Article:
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1. EVERY man, by consulting his own heart, may easily know whether he is or is not a patriot. But it is not so easy for the by-standers.

2. Being loud and vehement either against a court, or for a court, is no proof of patriotism.

3. A man whose passion for money runs high bids fair for being no patriot.. And he likewise whose appetite is keen for power.

4. A native than a foreigner, a married man than a bachelor, a believer than an infidel, has a better chance for being a patriot.

5. It is impossible an epicure should be a patriot. 6. It is impossible a man who cheats at cards, or cogs the dice, should be a patriot.

7. It is impossible a man who is false to his friends and neighbours should be true to the public.

8. Every knave is a thorough knave. And a thorough knave is a knave throughout.

9. A man who hath no sense of God or conscience: would you make such a one guardian to your child? If not, why guardian to the state?

10. A sot, a beast, benumbed and stupefied by excess, is good for nothing, much less to make a patriot of. 11. A fop or man of pleasure makes but a scurvy patriot.

12. A sullen churlish man, who loves nobody, will hardly love his country.


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13. The love of praise and esteem may do something but to make a true patriot there must be an inward sense of duty and conscience.

14. Honesty (like other things) grows from its proper seed, good principles early laid in the mind.

15. To be a real patriot, a man must consider his countrymen as God's creatures, and himself as accountable for his acting towards them.

16. If pro aris et focis be the life of patriotism, he who hath no religion or no home makes a suspected patriot.

17. No man perjures himself for the sake of con


18. There is an easy way of reconciling malecontents.-Sunt verba et voces quibus hunc lenire dolorem,


19. A good groom will rather stroke than strike. 20. He who saith there is no such thing as an honest man, you may be sure is himself a knave.

21. I have no opinion of your bumper patriots. Some eat, some drink, some quarrel, for their country. MODERN PATRIOTISM!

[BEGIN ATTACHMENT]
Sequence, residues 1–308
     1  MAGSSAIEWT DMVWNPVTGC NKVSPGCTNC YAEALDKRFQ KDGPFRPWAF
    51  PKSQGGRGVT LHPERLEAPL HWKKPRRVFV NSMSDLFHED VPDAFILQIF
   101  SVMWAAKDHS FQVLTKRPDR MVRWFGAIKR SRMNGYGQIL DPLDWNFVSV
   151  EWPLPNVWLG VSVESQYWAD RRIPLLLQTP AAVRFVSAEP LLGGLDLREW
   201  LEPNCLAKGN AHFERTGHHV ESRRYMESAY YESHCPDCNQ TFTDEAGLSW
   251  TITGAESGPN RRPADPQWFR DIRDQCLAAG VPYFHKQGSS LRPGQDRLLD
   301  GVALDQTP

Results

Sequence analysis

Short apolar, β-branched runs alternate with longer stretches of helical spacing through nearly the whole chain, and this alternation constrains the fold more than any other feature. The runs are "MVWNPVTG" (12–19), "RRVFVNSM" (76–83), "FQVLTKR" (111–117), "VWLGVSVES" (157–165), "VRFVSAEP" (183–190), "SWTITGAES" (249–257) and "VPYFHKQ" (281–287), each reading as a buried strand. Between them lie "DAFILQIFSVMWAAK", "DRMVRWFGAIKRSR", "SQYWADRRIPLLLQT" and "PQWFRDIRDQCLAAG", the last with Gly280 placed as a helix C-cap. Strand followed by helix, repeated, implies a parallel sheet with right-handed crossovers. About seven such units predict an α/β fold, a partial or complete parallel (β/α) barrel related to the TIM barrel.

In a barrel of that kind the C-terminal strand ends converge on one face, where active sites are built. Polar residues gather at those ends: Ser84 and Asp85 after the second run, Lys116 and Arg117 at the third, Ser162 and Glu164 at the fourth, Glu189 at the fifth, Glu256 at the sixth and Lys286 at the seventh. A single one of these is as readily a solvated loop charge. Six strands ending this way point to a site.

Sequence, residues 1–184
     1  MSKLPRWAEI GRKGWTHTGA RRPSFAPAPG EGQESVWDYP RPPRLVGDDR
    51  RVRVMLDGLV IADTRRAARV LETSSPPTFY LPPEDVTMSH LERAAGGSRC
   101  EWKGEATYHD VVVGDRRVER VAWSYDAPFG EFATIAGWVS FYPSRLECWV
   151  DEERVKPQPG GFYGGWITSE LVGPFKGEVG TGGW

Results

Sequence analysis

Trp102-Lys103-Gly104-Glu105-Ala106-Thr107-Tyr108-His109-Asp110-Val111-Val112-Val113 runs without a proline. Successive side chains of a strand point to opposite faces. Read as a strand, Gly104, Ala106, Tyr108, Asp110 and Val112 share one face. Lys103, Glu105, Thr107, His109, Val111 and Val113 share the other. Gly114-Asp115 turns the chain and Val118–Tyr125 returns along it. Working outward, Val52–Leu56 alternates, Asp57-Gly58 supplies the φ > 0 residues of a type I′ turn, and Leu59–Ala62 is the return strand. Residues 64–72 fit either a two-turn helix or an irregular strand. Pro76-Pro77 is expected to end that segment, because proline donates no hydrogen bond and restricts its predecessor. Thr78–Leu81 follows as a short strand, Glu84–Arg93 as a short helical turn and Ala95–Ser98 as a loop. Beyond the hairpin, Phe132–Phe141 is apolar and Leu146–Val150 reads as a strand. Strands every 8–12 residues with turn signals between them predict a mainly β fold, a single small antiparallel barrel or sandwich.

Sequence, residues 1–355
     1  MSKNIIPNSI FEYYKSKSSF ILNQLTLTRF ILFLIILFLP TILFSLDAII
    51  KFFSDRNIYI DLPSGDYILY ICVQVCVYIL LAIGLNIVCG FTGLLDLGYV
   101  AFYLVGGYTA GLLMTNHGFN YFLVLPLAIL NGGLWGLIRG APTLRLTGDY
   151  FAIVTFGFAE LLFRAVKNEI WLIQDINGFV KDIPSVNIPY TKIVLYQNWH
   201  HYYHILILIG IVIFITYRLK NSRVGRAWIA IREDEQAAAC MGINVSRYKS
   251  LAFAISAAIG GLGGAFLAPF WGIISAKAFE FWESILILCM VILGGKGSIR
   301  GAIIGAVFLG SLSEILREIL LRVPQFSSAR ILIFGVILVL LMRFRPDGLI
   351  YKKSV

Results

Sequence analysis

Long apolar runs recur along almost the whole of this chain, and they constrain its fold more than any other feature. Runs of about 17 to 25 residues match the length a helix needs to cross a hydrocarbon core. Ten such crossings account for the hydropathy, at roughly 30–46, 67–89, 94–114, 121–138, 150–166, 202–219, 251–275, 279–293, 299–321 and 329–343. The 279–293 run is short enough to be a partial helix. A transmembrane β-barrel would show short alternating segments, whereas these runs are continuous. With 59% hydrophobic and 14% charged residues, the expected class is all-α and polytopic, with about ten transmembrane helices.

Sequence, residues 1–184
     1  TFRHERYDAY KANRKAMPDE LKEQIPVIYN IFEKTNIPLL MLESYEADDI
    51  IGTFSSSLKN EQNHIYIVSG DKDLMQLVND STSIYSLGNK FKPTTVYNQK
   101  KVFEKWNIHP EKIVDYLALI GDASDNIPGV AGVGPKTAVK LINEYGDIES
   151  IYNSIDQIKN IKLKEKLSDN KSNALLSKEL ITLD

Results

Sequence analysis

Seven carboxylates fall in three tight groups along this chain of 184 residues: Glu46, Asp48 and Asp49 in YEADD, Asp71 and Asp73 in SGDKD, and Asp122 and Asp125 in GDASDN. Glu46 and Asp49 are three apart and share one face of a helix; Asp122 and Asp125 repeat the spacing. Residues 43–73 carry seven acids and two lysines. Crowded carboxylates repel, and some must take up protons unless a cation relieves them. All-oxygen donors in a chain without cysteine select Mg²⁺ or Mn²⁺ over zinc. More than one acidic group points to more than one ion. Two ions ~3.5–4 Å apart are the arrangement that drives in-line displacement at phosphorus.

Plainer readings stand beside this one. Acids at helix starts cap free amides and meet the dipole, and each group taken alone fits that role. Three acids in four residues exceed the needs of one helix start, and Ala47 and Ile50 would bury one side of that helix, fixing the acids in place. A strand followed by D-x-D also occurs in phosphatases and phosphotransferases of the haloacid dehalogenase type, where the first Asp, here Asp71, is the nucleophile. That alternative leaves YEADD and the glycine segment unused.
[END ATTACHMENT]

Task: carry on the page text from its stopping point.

22. Ibycus is a carking, griping, closefisted fellow. It is odds that Ibycus is not a patriot.

23. We are not to think every clamorous haranguer, or every splenetic repiner against a court, is therefore a patriot.

24. A patriot is one who heartily wisheth the public prosperity, and doth not only wish, but also study and endeavour to promote it.

25. Gamesters, fops, rakes, bullies, stockjobbers: alas! what patriots!

26. Some writers have thought it impossible that men should be brought to laugh at public spirit. Yet this hath been done in the present age.

27. The patriot aims at his private good in the public. The knave makes the public subservient to his private interest, The former considers himself as part of a whole, the latter considers himself as the whole.

28. There is and ever will be a natural strife be

tween court and country. The one will get as much, and the other give as little, as it can. How must the patriot behave himself?

29. He gives the necessary. If he gives more, it is with a view of gaining more to his country.

30. A patriot will never barter the public money for his private gain.

31. Moral evil is never to be committed, physical evil may be incurred, either to avoid a greater evil, or to procure a good.

32. Where the heart is right, there is true patriotism.

33. In your man of business, it is easier to meet. \with a good head than a good heart.

34. A patriot will admit there may be honest men, and that honest men may differ.

35. He that always blames, or always praises, is no patriot.

36. Were all sweet and sneaking courtiers, or were all sour malecontents; in either case the public would thrive but ill.

37. A patriot would hardly wish there was no contrast in the state.

38. Ferments of the worst kind succeed to perfect inaction.

39. A man rages, rails, and raves;


I suspect his pa

40. The fawning courtier and the surly squire often mean the same thing, each his own interest.

41. A patriot will esteem no man for being of his party.

42. The factious man is apt to mistake himself for a patriot.







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